Cooking is Alchemy

2 01 2011

It started with a quart or two of water, some garlic, bay leaves, herbes de provence and one smoked ham shank. Ham shank boiled, covered, until I thought the broth had achieved the right color (water was added during this process – around 2 cups at a time – when there was too much boil off), then said shank was removed to cool near an open window. One pound or so of dry black eyed peas then went in and the cover replaced…much checking to assure that the water levels remain consistent and nothing is getting too dry and burny (YES, ‘burny’ is a proper alchemical term!). After a time, the cooled and now diced shank meat was returned to the bubbling pot, along with a generous splash of worcestershire sauce. The pot was recovered and the brew allowed to further simmer. When the peas were deemed to be al dente, the bay leaves were removed, broth tasted, a sprinkling of salt and drizzle of molasses added. Much stirring commenced and the stew was allowed to simmer merrily away until I decided it was the right thickness and the beans just the right texture. Fire is now off and they sit, covered, awaiting the cornbread still cooking in the oven. How it ends remains to be seen after my family are subjected to the experiment.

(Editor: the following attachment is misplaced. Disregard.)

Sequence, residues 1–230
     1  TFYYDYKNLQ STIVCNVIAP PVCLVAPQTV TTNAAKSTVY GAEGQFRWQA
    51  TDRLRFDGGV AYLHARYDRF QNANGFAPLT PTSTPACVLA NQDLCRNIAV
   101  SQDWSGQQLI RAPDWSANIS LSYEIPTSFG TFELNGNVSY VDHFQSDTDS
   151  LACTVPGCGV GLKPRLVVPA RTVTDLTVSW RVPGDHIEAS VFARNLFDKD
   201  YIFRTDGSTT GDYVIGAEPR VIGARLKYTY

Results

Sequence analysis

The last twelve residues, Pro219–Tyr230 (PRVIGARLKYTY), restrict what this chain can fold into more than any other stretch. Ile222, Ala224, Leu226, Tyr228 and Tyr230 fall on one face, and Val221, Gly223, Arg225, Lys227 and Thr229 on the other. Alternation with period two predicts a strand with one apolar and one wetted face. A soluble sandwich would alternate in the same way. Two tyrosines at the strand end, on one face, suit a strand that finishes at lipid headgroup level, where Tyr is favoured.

There are no times or accurate measurements listed here nor were such things observed. Just a smidgen of this and a dollop of that. That seems to be how I cook the best, heh.

The cornbread was from a paper package, so there’s no alchemy there. I know, I KNOW…but I happened to have it and no cornmeal on hand. SUE ME.




4 responses

3 01 2011
I.M. Pangs

This part especially reminds me of alchemy “much checking to assure that the. After ”

The kind of alchemy where the wizened teacher never quit tells all she knows.

3 01 2011

HA! Remedying that NOW.

3 01 2011

Fixed and thank you for catching that. When I ‘proof read’ I only scanned for misspelled words.

BTW, the beans were freaking yummy and we had no leftovers.

3 01 2011
I.M. Pangs

I liked it the way it was! 😛

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